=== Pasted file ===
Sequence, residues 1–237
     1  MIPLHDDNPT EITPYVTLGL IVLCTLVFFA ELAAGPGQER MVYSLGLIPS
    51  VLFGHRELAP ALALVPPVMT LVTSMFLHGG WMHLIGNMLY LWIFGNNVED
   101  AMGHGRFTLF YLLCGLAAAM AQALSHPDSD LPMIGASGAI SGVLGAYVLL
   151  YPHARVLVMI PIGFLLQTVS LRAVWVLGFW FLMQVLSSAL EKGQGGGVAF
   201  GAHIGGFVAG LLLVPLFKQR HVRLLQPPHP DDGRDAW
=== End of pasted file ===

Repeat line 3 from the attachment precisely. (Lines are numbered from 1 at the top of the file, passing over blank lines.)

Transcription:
    51  VLFGHRELAP ALALVPPVMT LVTSMFLHGG WMHLIGNMLY LWIFGNNVED